Burgett impressed by fitting seamlessly with the core group. He did so by keeping it simple. He rebounded. He made the occasional open shot. He moved the ball to the right guy at the right time. He screened to free up the perimeter of Eric Atkins, Pat Connaughton and Jerian Grant. He defended. He bounced around.
Burgett showed enough during Auguste’s absence to maintain his spot in the rotation. When another sophomore – swingman Cameron Biedscheid – decided to grow his game and sit out the season to preserve a year of eligibility, Burgett was guaranteed to remain a key guy.
Burgett scored seven points in 24 minutes, both career highs, in the opener against Miami (Ohio). He delivered another seven points with two rebounds in 18 minutes against Stetson. He scored all of 11 last season.
“Austin Burgett has had a huge impact for our basketball team,” Brey said. “He’s going to be very important to our season.”
Not a press conference goes by that Brey isn’t asked about Burgett. His responses often end the same – Burgett is going to play and play a lot, he’s an important piece.
Important because even though the Irish carry four power forwards on the active roster – a fifth, freshman Austin Torres, is likely to follow Biedscheid and sit out the year – only Burgett has the unique skills to play the “stretch-four man” spot. He helps space the floor by stepping out and making perimeter shots while also doing the dirty-work duties required of guys his size.
It’s a role that’s been manned by former Irish players Tim Abromaitis, Rob Kurz and Scott Martin, who served as a mentor to Burgett last season. While Abromaitis and Martin were scorers first, Burgett’s game has a lot of Kurz in it, in that Burgett looks first and second and sometimes even third to help spring someone else before looking for something for himself.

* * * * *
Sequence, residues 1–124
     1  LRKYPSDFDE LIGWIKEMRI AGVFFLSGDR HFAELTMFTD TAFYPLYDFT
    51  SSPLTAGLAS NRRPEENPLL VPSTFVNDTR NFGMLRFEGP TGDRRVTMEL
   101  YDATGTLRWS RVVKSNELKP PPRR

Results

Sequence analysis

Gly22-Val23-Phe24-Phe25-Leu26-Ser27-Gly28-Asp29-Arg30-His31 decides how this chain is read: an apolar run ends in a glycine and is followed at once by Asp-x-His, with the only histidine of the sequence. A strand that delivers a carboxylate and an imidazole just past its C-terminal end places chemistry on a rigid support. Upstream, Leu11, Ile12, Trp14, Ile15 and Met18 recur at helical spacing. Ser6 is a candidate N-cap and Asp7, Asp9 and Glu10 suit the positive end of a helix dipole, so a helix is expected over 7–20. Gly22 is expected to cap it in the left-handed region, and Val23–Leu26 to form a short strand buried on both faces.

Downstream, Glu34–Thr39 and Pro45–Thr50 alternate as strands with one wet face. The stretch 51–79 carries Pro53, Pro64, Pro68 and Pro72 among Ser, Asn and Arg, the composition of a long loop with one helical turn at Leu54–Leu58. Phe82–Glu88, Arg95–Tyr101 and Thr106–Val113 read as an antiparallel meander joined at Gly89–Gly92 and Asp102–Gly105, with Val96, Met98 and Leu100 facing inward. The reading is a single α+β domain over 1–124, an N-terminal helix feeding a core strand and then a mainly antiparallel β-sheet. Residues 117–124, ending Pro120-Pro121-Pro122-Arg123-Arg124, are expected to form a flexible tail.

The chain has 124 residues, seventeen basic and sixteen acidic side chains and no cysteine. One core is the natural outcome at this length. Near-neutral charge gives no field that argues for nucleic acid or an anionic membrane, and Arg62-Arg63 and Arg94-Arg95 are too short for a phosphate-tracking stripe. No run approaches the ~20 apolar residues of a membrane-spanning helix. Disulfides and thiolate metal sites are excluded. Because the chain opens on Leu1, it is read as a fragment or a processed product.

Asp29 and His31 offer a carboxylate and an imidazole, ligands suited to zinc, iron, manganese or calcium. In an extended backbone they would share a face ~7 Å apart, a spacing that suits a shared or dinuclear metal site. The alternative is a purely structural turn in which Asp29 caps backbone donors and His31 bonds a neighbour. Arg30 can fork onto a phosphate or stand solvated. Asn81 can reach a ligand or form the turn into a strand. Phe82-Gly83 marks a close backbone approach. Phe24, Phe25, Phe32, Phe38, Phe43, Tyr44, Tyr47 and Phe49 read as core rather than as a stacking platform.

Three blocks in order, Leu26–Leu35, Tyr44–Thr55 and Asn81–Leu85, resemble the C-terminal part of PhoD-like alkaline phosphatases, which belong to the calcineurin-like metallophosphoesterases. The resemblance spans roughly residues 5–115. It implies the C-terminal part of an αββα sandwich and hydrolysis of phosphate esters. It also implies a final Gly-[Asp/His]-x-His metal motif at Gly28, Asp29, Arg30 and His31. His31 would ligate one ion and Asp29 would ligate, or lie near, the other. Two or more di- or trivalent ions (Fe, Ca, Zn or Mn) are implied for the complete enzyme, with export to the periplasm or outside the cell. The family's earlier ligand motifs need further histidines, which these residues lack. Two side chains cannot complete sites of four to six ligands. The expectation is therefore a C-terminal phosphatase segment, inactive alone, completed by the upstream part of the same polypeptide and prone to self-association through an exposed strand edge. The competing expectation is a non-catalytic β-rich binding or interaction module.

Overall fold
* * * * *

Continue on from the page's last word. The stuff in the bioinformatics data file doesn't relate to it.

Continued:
“Our three veteran perimeter guys love playing with Austin Burgett,” Brey said. “That’s all I need to say.”
Having that trust from the head coach allows Burgett to play with the all-important free mind instead of wondering if the next minute on the floor might be his last. Following the early struggles, Burgett delivered a baseline drive and a two-handed dunk.
“Like Coach Brey says, just don’t play out of your character, just do what you do in practice,” Burgett said. “I feel like when I come out there, I’m not trying to do too much and just let the game come to me.”
Had Burgett’s thought process been different, this might have been his first season of college basketball. With the smallest of chances to see meaningful minutes on a veteran team loaded with frontcourt contributors last season, Burgett was offered the opportunity to sit out as a freshman. He declined.
Long before that decision, Burgett talked with his father, Terry, and the two reached another – college was a four-year time in Burgett’s life. Regardless of what happened on the court, South Bend would be his home only for those four years.
“Even if I did sit out, I’m not going to stay here five years,” Burgett said. “I’ve always thought if I’m not good enough to play after four years, then what’s another year going to do?”
So far, a whole lot.